How does a Sierran Forest Grow? Fire, Thinning, and Regenerating Trees

How does a Sierran Forest Grow? Fire, Thinning, and Regenerating Trees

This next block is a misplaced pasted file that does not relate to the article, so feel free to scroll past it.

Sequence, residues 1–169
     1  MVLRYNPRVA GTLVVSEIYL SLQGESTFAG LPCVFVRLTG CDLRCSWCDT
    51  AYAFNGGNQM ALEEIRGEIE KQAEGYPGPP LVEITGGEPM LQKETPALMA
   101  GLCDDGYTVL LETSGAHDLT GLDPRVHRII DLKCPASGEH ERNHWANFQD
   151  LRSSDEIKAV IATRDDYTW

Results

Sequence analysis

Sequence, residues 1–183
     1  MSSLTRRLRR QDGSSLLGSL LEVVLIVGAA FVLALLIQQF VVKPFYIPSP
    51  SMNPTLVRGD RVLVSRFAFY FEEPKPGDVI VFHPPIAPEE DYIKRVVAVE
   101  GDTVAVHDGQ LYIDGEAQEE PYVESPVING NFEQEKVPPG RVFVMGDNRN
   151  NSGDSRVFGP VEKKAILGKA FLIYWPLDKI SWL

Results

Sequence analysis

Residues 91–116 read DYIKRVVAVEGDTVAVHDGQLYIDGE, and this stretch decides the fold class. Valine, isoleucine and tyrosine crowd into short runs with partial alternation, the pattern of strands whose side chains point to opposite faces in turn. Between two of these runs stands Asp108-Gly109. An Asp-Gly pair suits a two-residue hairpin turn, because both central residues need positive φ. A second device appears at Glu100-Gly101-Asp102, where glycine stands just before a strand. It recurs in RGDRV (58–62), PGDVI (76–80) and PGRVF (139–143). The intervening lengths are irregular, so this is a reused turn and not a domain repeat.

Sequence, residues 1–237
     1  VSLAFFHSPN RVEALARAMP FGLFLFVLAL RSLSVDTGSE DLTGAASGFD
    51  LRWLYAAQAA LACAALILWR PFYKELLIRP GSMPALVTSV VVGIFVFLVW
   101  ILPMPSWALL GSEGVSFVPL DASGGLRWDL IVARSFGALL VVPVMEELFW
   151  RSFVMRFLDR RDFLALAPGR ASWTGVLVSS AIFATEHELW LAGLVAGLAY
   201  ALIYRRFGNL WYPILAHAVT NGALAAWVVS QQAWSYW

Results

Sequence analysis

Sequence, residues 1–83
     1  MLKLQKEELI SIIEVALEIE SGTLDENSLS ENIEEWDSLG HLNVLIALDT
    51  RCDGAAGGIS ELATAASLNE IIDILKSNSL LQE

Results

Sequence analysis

Read nineteenth century travelers’ descriptions of wandering through open groves of trees in Sierra Nevada forests, and you will do more with your imagination than picture waistcoats, horses, and pocket watches. Along with dress, transportation and technology, mixed-conifer forests, the most common forest type of the Sierra Nevada, have experienced dramatic changes. Harvesting the largest pines over the last century allowed more plants to grow in the understory and midstory, creating opportunities for shade-tolerant and fire-intolerant firs and incense cedars to multiply and reduce gaps in the forests. The patchy tree canopy filled in. As the structure of the mixed-conifer forest has changed since earlier travelers’ tales, and the kinds of tree species present, so has the way the forest behaves. Thick mats of needles and leaves increase on the forest floor. Shrubs, bushes, and small trees, crowded together, create ladder fuels—places where fire can climb from the forest floor, up to the midstory, and into the dense canopy above. With fewer gaps in the canopy, fire can roar into high-intensity crown fires, and spread easily through the nearly continuous upper story.

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